“Before Alec [Burks] got hurt, it was one or two of the three of them [together on the wing],” Snyder said. “I think with Alec out, it’s even more important – Rodney’s production offensively has been huge. It’s tough for us to win, really, when one of those two guys, Gordon or Rodney, isn’t playing well offensively. That’s the reality of where we are.”

Snyder’s rotations have reflected his praise since Burks was sidelined with an ankle injury in late December. Hayward and Hood both start the game, but Rodney will typically exit roughly at the halfway point of the first and third quarters – Snyder staggers him back into the lineup to begin the second and fourth quarters as Hayward sits. The two are clearly Utah’s preferred ball-handling options, and this approach allows Snyder to go the vast majority of games (entire ones, sometimes) with at least one on the floor at all times.

“I’m very comfortable playing with Gordon,” Hood said. “And when he’s getting his rest, coming in and being the ‘number one guy’ on that second unit.”

The quotation marks within his comment are Rodney’s own – the Jazz under Snyder are reluctant to give any single player the “leading man” tag in a motion system designed to exploit defensive shortcomings rather than any individual on a game to game basis. But as the year has gone on, it’s become abundantly clear that this ethos can only get them so far given the roster. Guys like Hood and Hayward have become de facto first options with much of the team’s depth proving inadequate or injured, a fact reflected in the last month as the two have combined to use over 55 percent of Jazz possessions while on the floor.

Hayward has been this guy to some degree for at least a couple years, but Hood’s shockingly advanced game in the pick-and-roll has been a huge part of what’s allowed him to ascend so quickly to a 1b role of sorts recently. Whether hidden behind sensation Jabari Parker in his year at Duke or undiscovered for some other reason, Hood blew Jazz brass and the league as a whole away with his patience and comfort level in the two-man game nearly instantly last season – and things have only improved in his second go-round after a summer spent honing his craft.

Per Synergy Sports data, Hood is generating 116.1 points per-100-possessions on finished plays where he uses a pick set for him. Of guys who have run at least 100 such plays, only three players have been more lethal (Steph Curry, Eric Bledsoe and Eric Gordon; right behind Hood at fifth and sixth on this list are Kevin Durant and James Harden). In a raw sense, Hood accepting a pick from a teammate has been preferable to the historic Golden State Warriors offense so far this season.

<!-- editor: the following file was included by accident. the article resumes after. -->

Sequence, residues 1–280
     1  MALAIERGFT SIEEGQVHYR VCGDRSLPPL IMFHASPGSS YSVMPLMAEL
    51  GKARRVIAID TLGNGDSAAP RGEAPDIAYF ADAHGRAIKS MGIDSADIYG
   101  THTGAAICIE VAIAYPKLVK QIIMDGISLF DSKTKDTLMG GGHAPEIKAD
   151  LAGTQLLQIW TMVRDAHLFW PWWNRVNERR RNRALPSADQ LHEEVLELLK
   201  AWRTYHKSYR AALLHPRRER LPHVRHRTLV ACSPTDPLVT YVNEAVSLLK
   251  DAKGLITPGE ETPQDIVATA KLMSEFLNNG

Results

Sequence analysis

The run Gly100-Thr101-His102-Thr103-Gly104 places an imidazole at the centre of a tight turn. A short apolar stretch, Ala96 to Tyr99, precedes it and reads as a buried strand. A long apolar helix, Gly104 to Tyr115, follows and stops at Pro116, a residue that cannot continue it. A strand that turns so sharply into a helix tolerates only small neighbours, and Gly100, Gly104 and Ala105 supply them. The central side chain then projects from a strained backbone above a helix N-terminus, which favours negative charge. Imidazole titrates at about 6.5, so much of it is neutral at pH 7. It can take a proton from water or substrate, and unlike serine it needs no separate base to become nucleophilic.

At 23 years old, there already isn’t a single non-superstar in the game more adept than Hood at the niche skill of taking a pick, getting into the lane, and then shielding his defender off using his back and hind parts while he surveys the landscape. It’s almost a comical sight at times – Hood warding off frustrated defenders with his derriere, working his way into the paint while keeping the big man at the rim at bay with the risk of a lob pass. His in-between jumper game is pristine, with one of the prettiest and most versatile floaters in the league, and he’s money finishing at the rim. Leave a single crack and Rodney will be patient and skilled enough to find it:

“It just came naturally,” Rodney said when asked where it came from. He’s been big since his younger years, which set the baseline. “I consider myself a guard offensively – just getting in the lane and being bigger [than guys], taking your time, seeing the floor. That’s something I worked on in the summer, just slowing down, letting yourself be able to see the floor and not rush yourself.”

During a drill last summer at the IMG Academy in Bradenton, FL, Hood would slow things down and use this nearly unstoppable shielding technique to score repeatedly – frustrating the other NBA players in the gym.

Combine this with a jumper that’s rounding back into form in a hurry, and you’re quickly seeing the outlines of a professional scorer in this league. Combine that with the length and smarts to check multiple positions on defense – Snyder often assigns Hood to the opponent’s top ball-handler – and an immensely valuable two-way player begins to take shape.

Hood isn’t bothering to define himself – there’s too much work to be done. He knows he’s part of the scouting report now, and is hard at work on his ability to draw fouls and get teammates involved in the two-man game when opponents inevitably load up on his score-first options.